Modern immunological and biotechnological methods provide us with increasing insight into the effects and function of beta-glucans [8]. However, there are still many unresolved questions, for example, one of the biggest challenges remains the standardization and correct characterization of the molecules themselves. Furthermore, it is still unclear into which area beta-glucans fit best: supplements or medicine? In this review, we shed light on both perspectives to discover which area the beta-glucans, in addition to TCM, could fit, and what evidence is needed for this. In the field of dietary supplements, we highlight the evidence required to use health claims on products according to regulatory authorities in Europe. In the field of medicine, the potential pharmaceutical application of beta-glucans within a novel concept in immunology, namely trained immunity, is discussed.

2. Beta-Glucans in Immunomodulating Dietary Supplements

2.1. Health Claims in Europe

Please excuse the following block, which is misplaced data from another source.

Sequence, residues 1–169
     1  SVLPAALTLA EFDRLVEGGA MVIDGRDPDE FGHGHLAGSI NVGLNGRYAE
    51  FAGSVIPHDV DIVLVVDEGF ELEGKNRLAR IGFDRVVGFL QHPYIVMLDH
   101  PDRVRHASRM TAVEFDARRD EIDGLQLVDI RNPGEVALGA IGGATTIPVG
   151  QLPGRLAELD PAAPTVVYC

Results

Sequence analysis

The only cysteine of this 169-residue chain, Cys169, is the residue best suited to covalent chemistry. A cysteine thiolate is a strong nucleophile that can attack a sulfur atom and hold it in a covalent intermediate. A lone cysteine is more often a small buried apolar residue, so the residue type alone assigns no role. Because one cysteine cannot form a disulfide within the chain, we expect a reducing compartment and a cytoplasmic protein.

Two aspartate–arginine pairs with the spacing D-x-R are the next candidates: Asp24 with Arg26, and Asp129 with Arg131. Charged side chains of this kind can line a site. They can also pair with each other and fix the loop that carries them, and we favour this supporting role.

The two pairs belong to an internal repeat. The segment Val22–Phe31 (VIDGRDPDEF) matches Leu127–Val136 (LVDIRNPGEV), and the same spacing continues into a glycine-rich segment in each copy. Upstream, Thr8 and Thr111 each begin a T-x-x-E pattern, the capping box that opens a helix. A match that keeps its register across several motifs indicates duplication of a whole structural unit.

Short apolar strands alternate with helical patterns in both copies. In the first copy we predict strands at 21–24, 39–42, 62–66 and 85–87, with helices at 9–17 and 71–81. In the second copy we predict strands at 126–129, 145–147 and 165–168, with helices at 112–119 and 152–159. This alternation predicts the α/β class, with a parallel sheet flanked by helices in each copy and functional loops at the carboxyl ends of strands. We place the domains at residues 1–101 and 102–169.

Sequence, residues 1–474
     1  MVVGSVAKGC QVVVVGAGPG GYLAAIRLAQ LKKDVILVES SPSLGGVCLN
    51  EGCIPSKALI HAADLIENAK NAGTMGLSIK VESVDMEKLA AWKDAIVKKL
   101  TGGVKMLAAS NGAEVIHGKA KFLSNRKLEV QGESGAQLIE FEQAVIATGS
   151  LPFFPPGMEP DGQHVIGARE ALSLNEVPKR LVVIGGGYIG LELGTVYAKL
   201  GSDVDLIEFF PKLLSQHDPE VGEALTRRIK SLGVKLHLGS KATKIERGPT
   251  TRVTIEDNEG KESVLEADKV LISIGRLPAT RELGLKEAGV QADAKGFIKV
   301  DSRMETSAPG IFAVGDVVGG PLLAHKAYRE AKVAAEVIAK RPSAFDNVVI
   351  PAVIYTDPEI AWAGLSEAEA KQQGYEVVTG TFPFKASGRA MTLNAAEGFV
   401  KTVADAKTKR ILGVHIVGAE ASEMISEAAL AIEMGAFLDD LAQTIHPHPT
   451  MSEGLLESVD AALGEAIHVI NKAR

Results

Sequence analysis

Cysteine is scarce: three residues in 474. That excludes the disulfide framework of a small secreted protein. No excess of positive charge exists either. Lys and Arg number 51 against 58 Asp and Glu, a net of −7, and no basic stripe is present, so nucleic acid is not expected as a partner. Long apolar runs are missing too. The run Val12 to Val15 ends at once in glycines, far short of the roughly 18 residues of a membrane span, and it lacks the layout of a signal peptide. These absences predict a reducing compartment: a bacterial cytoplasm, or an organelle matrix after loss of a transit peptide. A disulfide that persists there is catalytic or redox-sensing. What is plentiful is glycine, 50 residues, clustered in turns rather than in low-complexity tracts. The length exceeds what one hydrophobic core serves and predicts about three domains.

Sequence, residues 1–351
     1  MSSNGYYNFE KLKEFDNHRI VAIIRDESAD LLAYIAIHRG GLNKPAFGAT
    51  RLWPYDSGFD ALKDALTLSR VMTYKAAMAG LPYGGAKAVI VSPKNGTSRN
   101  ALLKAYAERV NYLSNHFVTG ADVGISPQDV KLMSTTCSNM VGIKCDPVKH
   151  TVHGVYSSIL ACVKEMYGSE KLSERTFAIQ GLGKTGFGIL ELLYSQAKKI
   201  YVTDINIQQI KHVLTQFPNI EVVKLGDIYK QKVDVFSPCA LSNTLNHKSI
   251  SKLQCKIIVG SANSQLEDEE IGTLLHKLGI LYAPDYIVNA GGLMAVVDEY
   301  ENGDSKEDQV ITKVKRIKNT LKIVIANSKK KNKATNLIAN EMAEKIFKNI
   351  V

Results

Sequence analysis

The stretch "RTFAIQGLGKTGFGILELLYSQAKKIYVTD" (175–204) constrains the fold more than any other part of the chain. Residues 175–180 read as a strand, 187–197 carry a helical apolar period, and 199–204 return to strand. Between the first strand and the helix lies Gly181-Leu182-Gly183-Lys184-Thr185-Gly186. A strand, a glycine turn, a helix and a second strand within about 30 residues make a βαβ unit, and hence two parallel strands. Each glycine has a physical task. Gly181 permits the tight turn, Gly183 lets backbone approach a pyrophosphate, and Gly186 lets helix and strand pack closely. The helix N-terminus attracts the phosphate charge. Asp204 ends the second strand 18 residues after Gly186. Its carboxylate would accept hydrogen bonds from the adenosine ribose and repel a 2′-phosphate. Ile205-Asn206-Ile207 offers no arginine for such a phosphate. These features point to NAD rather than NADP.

Supplement manufacturers are interested in using health claims on their product to show the health benefits of consuming these products [20,21,22]. In Europe, the use of voluntary statements related to either the nutritional content (nutrition claims) or health benefits of a food product (health claims) is regulated under the Nutrition and Health Claim Regulation (NHCR). Before such claims can be used on foods, they need to be authorized by the European Commission [23]. Scientific evidence is key in the authorization decision of the European Commission to allow new claims in the EU market [24]. A health claim is defined as any voluntary statement that refers to the relationship between food and health. Four categories of claims are known in the EU: two types of function claims that are based on generally accepted (general function claims, in Art. 13.1) or newly developed scientific evidence (new function claims, Art. 13.5), reduction of disease risk claims (Art. 14.1a) and, finally, claims referring to children’s development and health (Art. 14.1b) [23]. The food business operator needs to submit a scientific dossier along with its request for authoring a newly proposed claim. The European Commission subsequently asks the European Food Safety Authority (EFSA) to evaluate the evidence on the proposed claims [25]. This evaluation involves a critical review of three main criteria: (1) the bioactive substance is sufficiently characterized, (2) the proposed claim is well characterized and should comprise a beneficial physiological effect, and (3) the cause-and-effect relationship between the bioactive substance and the beneficial physiological effect should be established [23,24]. A beneficial effect shown in at least two independently conducted intervention trials increases the chance of receiving a positive opinion of EFSA [20,24]. Since the assessment procedure follows this specific order of evaluation of these criteria, the assessment will be discontinued if the evidence is insufficiently supporting a criterion [26].